NATO and coalition troops are claiming to be eliminating big numbers of Taliban fighters. But that comes at a high cost in Afghan civilian lives, and this loss of life is becoming a political question, both in Afghanistan and in the NATO alliance.
The meeting comes at a moment when the situation in Afghanistan is becoming increasingly complicated.
The success of NATO and the U.S.-led coalition forces in eliminating large numbers of Taliban fighters, mainly in southern Afghanistan, is being undermined by the rising tide of civilian casualties.
The resentment this causes among Afghans poses a threat to both the stability of the Afghan government of President Hamid Karzai and eventually to the deployment of foreign troops.
Anti-Karzai demonstrations have already taken place, and the president has issued a strongly worded call to NATO to be more careful in their targeting.
"We can no longer accept these [civilian] casualties," Karzai warned on May 2. "The Afghan nation has the right to complain. The Afghan nation should first complain to its government, because it's our duty. I'm busy dealing with it on a daily basis."
White House spokesman Tony Fratto calls such losses "tragic." But he says the Taliban are deliberately seeking high civilian casualties by placing their forces amid Afghan civilians. When NATO or coalition troops call up air support during a firefight with the Taliban, the bombed Taliban positions are often found to contain civilians, including families.
The scale of the problem is causing unease among some of the NATO allies with troops in Afghanistan. In an attempt to get to grips with the issue, NATO's top military commander in Afghanistan, U.S. General John Craddock, says a review is under way of how the troops apply the "rules of engagement" -- that is, the circumstances in which the troops can start shooting.
Craddock's comment in Washington on May 18 came only days after German Defense Minister Franz Josef Kung called for a review, saying that NATO operations cannot continue their current course because it risks putting "the local population against" international goals.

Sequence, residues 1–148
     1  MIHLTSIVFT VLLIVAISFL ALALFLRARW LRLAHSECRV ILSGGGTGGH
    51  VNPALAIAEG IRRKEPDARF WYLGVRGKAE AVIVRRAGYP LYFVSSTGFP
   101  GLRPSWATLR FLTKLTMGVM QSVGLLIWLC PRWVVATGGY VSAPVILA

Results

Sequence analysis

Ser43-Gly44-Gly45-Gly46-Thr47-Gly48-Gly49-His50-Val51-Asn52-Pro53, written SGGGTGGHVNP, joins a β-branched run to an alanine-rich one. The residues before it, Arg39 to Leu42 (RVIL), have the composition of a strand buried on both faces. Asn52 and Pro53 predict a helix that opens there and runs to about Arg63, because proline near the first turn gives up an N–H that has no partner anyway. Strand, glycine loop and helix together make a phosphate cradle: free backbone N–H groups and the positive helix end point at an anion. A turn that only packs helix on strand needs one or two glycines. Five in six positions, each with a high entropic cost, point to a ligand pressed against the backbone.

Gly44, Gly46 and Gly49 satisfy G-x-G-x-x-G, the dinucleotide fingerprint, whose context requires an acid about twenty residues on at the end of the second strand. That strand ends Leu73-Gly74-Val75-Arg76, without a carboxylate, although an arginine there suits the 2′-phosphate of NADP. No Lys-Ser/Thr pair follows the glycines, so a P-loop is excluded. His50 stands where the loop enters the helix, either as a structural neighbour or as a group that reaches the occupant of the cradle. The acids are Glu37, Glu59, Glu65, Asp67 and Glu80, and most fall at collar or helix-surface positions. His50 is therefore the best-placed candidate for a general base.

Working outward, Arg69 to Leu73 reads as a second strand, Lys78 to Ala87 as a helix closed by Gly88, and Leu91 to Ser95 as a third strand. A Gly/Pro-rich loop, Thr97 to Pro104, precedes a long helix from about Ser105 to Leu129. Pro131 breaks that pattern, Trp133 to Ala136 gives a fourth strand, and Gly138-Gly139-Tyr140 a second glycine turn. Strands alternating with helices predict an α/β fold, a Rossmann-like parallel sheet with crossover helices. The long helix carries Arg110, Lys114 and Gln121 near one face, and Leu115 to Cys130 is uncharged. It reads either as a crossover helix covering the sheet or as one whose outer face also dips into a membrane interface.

The dilemma is how to continue effective military operations against the Taliban while cutting noncombatant losses. U.S. Major Chris Belcher makes clear in remarks to Radio Free Afghanistan that there can be no hiding place for insurgents.
"The Taliban have two choices: to stop fighting and join the government in bringing democracy to the people of Afghanistan, or the Afghan national military forces, and the coalition forces, will continue to pursue you, wherever you are in Afghanistan," Belcher says.
Meanwhile, the Taliban's use of suicide bombers in Afghanistan continues to increase. Three German soldiers were among the 23 people killed by suicide bombers on May 19 and 20 in blasts in different areas of the country.
The worst bombing came in Gardez, in Paktiya Province, where 14 people died.
Paktiya police chief Abdul Rahman Sargan says it was obviously aimed at causing the largest loss of civilian life possible: "This cruel bomber blew himself up in a busy market where people were busy going about their business. Many civilians were martyred and wounded. We are carrying the bodies and the wounded people to the hospital where they are receiving treatment."
In addition to talking about Afghanistan, Bush and de Hoop Scheffer are expected to discuss the status of Kosovo in the Balkans, the enlargement of NATO, and controversial American plans for a missile-defense system based in Eastern Europe.
A U.S. military vehicle damaged by insurgents near Kandahar (epa)
HOMEGROWN OR IMPORTED? As attacks against Afghan and international forces continue relentlessly, RFE/RL hosted a briefing to discuss the nature of the Afghan insurgency. The discussion featured Marvin Weinbaum, professor emeritus of political science at the University of Illinois at Urbana-Champaign, and RFE/RL Afghanistan analyst Amin Tarzi.
LISTENListen to the entire briefing (about 83 minutes):
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